Saturday, March 26

Fragile Frontal Lobes

Today, many work at a frantic rate. Its well known that we need to keep fit, eat well, avoid excessive alcohol and have a reasonable amount of sleep to cope with the stress and strain of the daily grind. Such common sense approaches are essential for "good living" and help prolong our life.

But the hardworking executive mechanisms of our brains also require rest and nutrition. It seems the most recent development of the brain, the frontal lobes, are quite fragile, and in need of even more tender loving care than was previously understood. A price to pay, you might say for our development, because this richness of an advanced consciousness made available through the operation of the frontal lobes, easily breaks down under extreme pressures.
The development of the frontal lobes occurred late in our evolutionary cycle, causing confusion amongst early communities.

When people died, the memories that persisted in the minds of those who were left were thought to be "ghosts" or assumed as evidence of life after death. And so this "consciousness" was understood within the context of early religious and magical beliefs.

Elkhonon Goldberg's quotes "A rich sensory memory of a deceased tribesperson would be interpreted as the tribesman's "ghost" or as evidence of the tribesman "life" after death". According to the scenario, some of the more literal religions and magical beliefs, which persisted for millennia are vestiges of early humans inability to distinguish between one own memories of other people (internal representations, parts of "self") and those actual people themselves ("nonselves".Others). According to Jaynes, this self-oneself confusion was not confined to prehistoric times. It extended well into the early history populated by individuals we assume to be neurobiological "modern''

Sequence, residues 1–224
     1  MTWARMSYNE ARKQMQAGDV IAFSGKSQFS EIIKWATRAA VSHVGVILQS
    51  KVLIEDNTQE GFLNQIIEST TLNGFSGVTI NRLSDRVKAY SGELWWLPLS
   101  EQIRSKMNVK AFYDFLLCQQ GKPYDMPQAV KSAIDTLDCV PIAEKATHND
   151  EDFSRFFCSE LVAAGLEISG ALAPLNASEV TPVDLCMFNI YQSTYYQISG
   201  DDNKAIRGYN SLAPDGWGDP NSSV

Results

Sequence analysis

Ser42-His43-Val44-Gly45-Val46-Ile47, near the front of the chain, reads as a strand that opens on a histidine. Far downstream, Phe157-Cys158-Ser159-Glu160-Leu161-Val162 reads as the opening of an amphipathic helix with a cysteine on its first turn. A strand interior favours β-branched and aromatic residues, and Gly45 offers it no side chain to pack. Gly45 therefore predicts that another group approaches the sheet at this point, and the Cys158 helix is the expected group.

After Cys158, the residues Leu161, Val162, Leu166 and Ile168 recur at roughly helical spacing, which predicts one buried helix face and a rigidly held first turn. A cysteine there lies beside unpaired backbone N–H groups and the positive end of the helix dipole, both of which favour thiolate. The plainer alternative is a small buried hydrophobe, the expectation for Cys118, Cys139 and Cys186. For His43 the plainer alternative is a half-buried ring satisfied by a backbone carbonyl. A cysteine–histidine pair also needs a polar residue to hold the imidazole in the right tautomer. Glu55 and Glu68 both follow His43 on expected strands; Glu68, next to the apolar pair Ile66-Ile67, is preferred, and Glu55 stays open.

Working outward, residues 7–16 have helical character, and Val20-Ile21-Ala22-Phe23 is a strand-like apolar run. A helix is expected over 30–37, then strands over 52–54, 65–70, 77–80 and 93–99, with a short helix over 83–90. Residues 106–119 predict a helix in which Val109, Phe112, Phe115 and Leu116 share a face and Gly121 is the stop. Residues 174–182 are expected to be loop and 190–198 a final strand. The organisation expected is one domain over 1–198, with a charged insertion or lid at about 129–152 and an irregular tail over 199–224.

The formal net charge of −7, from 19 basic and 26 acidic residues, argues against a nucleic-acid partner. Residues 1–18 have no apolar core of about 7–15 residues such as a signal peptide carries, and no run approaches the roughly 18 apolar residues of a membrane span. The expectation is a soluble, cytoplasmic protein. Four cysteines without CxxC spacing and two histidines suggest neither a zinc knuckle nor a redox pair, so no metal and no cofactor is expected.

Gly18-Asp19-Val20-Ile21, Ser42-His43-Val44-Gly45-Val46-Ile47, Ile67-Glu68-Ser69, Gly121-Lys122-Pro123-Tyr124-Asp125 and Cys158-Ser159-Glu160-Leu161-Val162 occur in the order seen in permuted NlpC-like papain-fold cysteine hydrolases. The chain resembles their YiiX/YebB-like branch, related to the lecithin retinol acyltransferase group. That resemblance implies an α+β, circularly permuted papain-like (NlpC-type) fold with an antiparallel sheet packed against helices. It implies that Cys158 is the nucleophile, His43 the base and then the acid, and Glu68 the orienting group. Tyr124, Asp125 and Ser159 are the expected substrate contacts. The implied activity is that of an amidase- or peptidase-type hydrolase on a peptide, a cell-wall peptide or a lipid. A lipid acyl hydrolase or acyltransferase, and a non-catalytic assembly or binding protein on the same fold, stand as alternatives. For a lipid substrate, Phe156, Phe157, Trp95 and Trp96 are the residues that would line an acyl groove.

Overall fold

Click on to visit his website.

To day it is understood that it is the frontal lobes that allow us to clearly identify our "consciousness" and make" executive decisions" when required, on any number of complex and abstract matters. Such development of the frontal lobes does however have a downside, the loss of control by the frontal lobes to the more primitive areas of the brain. As this occurs, initially the two are in "conflict" until such time as the lower brain takes control. When we lose this control of the frontal lobes it is similar to losing control of an "Executive Manager"of the brain.